TX-based Moleculin turns to Poland for accelerated patient recruitment

By Melissa Fassbender contact

- Last updated on GMT

(Image: Getty/dk_photos)
(Image: Getty/dk_photos)

Related tags: Clinical trials, Patient recruitment

Centralized databases, reduced competition for patients, and higher starting doses are among some of the benefits to conducting research in Poland, which ranks seventh in Europe for clinical trial participation, says Moleculin CEO.

Moleculin is a clinical stage pharmaceutical company with six anti-cancer drugs in the pipeline, and to augment its US clinical trials, has turned to Poland, where it has been able to more quickly recruit patients.

According to the Houston, TX-based company, it recently recruited three patients in six weeks in Poland, compared to nearly a full year to build a similar cohort in the US.

Working with the medical community in Poland – where Moleculin’s founding scientist Dr. Waldemar Priebe was born – a Phase I/II clinical trial is currently underway for the company’s Annamycin compound for the treatment of acute myeloid leukemia (AML).

Why Poland?

Walter Klemp, CEO of Moleculin, cited the significant competition for patients in the US: “And with no centralized database for clinical trials, and with other databases that are not always inclusive, patients and doctors frequently are not even aware of what trials are available,”​ he added.

Additionally, patients in Poland have fewer opportunities to be treated, Klemp said, “and they may have to wait a long time for access to a specialist, making them much more interested in participating in trials.” ​As part of this, the country also has a greater number of patients who are treatment-naïve.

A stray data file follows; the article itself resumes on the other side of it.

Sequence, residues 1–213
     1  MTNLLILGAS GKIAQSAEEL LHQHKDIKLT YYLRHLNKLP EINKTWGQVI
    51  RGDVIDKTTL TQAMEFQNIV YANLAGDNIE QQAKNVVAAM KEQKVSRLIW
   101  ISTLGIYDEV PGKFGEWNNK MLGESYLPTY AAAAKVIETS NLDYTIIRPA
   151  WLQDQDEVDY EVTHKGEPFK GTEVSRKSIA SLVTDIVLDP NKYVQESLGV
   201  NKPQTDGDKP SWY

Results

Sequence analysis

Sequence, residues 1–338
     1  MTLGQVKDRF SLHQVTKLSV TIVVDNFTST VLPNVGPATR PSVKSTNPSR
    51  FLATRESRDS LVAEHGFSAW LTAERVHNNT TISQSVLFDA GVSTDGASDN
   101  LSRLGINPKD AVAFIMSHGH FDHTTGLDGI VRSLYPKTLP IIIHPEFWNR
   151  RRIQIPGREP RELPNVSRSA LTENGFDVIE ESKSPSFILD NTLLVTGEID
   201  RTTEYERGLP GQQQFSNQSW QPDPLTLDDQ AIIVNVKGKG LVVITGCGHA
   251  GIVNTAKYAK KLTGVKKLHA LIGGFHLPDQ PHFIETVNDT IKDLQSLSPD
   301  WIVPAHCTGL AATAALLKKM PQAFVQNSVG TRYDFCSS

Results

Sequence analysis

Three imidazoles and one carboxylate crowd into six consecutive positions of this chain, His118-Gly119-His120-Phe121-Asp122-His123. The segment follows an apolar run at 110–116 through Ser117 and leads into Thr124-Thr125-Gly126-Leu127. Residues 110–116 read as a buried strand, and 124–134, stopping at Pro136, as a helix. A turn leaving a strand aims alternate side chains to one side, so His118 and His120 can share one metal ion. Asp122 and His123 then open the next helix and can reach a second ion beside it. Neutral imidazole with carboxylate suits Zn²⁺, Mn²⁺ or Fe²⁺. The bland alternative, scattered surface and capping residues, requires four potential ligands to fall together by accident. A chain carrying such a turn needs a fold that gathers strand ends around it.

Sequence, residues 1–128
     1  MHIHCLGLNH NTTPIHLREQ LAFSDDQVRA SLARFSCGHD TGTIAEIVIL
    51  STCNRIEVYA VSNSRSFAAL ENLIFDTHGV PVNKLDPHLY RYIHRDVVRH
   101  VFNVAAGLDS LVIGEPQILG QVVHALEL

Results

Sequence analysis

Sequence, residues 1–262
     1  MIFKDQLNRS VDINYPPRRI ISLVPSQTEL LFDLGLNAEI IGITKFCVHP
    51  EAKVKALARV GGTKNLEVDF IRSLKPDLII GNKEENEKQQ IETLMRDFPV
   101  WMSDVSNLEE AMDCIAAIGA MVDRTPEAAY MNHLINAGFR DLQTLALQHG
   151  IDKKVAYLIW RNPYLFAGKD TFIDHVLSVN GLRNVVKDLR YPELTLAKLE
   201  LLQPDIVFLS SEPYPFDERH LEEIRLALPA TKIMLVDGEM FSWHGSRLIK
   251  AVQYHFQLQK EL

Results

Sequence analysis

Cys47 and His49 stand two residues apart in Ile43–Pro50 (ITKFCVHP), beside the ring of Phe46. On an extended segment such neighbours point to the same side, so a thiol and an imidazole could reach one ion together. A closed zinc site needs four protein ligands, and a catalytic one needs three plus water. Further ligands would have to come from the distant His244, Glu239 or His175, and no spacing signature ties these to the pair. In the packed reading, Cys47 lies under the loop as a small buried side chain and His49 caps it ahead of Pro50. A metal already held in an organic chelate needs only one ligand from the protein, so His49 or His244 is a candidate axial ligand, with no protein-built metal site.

Poland also has a medical infrastructure acceptable to the US Food and Drug Administration (FDA) and offers many benefits to the small biopharma, and, according to Moleculin, is ranked seventh in Europe for clinical trial participation, with an annual average of about 40,000 patients in clinical trials.

Per a report​ published by the contract research organization (CRO) Cromsource, the clinical trial market in Poland was estimated to be about €200m as of 2014.

The European Medicines Agency (EMA) also allows drug doses in clinical trials to start at higher, more therapeutic levels, explained Klemp. “The fact that the trials often start with sub-therapeutic doses can actually prolong trial duration, making patients wait even longer to see any possible positive results,” ​he said.

Klemp explained that for the current Moleculin trial being conducted in Poland the allowable starting dose was 120 mg/m2, compared to the 100 mg/m2 required in the US. After three patients have completed the safety evaluation period of the first cohort in Poland, the second cohort will begin a dose level of 150 mg/m2. 

“Health officials in Poland have been fairly proactive in asking for input from drug developers regarding how they can improve their process,”​ Klemp added. “As one would expect, changes are gradual, but our expectation is that clinical development will continue to get more efficient there over the next five years.”

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